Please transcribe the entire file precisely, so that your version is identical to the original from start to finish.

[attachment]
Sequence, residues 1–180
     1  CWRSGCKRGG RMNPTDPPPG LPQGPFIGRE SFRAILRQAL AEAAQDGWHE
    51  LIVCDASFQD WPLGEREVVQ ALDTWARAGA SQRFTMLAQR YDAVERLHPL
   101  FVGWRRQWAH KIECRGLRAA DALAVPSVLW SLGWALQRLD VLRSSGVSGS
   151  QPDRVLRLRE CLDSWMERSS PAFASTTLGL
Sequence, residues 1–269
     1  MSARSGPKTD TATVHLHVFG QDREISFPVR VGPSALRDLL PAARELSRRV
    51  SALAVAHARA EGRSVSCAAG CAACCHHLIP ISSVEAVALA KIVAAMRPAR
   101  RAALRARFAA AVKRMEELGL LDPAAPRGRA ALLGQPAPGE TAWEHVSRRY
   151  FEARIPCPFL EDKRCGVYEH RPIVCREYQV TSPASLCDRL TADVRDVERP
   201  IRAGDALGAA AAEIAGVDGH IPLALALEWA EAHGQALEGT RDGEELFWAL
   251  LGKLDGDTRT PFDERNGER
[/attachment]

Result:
Sequence, residues 1–180
     1  CWRSGCKRGG RMNPTDPPPG LPQGPFIGRE SFRAILRQAL AEAAQDGWHE
    51  LIVCDASFQD WPLGEREVVQ ALDTWARAGA SQRFTMLAQR YDAVERLHPL
   101  FVGWRRQWAH KIECRGLRAA DALAVPSVLW SLGWALQRLD VLRSSGVSGS
   151  QPDRVLRLRE CLDSWMERSS PAFASTTLGL
Sequence, residues 1–269
     1  MSARSGPKTD TATVHLHVFG QDREISFPVR VGPSALRDLL PAARELSRRV
    51  SALAVAHARA EGRSVSCAAG CAACCHHLIP ISSVEAVALA KIVAAMRPAR
   101  RAALRARFAA AVKRMEELGL LDPAAPRGRA ALLGQPAPGE TAWEHVSRRY
   151  FEARIPCPFL EDKRCGVYEH RPIVCREYQV TSPASLCDRL TADVRDVERP
   201  IRAGDALGAA AAEIAGVDGH IPLALALEWA EAHGQALEGT RDGEELFWAL
   251  LGKLDGDTRT PFDERNGER